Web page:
Profiles of local growth and industrial change: Facts and an explanation
Jens Suedekum () and
ERSA conference papers from European Regional Science Association
In this paper we take a detailed look at the sectoral anatomy of regional growth in German regions over the period 1978-2008. In the aggregate, the German economy is characterized by a secular decline of the manufacturing sector and a rise of the modern service economy. This trend of structural change (Petty's law) by no means occurs uniformly across space, however. Some regions exhibit this trend even at an accelerated pace, while other regions develop their local economic structures against the trend and expand their manufacturing bases. We first develop a novel empirical approach that allows us to categorize all German regions into one out of three groups with 'pro-trend', 'anti-trend' or 'featureless' regional growth. 'Pro-trend' regions exhibited a similar direction of industrial change like the nation as a whole, but at an accelerated speed. That is, booming industries tended to grow faster than in the national average while declining industries tended to disappear faster. Conversely, in 'anti-trend' regions industries grew that declined elsewhere, while national boom industries declined. In a second step, we then compare these different groups of regions from a descriptive point of view and report some interesting stylized facts about the initial characteristics and the subsequent growth performances of 'pro-trend' and 'anti-trend' regions. We show, for example, that the 'pro-trend' pattern tends to come with the best overall performance. Yet, this profile where regions forge ahead in developing a modern service economy was neither a guarantee nor a prerequisite for regional success. Many 'anti-trend' regions also had growth rates well above the national average. In other words, we observe strong differences in the sectoral anatomy of growth across regions that performed equally well overall. Finally, investigating the causes of these differential regional trends, we show that the exposure to international trade is an important reason of the divergent patterns of local industrial change.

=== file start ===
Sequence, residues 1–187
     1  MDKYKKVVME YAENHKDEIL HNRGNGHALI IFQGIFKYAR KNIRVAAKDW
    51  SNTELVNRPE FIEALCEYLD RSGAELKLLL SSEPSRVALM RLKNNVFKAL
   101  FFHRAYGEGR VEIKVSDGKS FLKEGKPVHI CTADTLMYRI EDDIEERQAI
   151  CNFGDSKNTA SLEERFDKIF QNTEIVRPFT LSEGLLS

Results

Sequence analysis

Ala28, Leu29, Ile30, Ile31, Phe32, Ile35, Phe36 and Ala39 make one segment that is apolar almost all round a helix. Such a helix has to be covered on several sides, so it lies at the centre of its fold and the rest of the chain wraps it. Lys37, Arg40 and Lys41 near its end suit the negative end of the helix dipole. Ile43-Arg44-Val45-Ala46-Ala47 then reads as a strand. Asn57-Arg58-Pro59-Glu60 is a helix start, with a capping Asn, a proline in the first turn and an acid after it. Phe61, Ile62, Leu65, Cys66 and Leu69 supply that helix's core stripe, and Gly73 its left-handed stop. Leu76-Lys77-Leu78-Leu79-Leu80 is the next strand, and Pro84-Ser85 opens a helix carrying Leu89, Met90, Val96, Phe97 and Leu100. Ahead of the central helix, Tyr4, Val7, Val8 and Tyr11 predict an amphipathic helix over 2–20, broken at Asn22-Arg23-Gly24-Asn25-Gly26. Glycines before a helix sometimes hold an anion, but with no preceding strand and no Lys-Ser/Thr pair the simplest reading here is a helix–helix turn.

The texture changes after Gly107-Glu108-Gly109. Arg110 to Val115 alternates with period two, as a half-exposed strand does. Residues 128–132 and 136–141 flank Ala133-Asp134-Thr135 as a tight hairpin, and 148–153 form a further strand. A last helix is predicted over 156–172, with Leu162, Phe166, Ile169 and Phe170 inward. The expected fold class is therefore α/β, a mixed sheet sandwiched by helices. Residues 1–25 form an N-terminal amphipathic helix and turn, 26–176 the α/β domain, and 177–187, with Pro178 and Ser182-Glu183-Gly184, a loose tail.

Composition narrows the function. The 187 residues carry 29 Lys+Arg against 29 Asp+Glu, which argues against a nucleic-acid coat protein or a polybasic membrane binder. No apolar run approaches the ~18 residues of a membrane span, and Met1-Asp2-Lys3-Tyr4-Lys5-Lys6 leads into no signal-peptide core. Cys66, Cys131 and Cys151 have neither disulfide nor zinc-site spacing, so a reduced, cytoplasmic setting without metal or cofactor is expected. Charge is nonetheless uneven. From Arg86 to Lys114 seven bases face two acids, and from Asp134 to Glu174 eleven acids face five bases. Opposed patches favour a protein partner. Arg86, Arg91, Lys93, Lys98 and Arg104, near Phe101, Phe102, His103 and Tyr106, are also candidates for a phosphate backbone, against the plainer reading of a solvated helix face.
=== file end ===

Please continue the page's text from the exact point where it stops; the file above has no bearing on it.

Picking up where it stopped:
Keywords: Structural change; local industry compositions; trade exposure; local employment growth (search for similar items in EconPapers)
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Working Paper: Profiles of local growth and industrial change: Facts and an Explanation (2014)
Working Paper: Profiles of local growth and industrial change: facts and an explanation (2012)
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Persistent link: https://EconPapers.repec.org/RePEc:wiw:wiwrsa:ersa13p247
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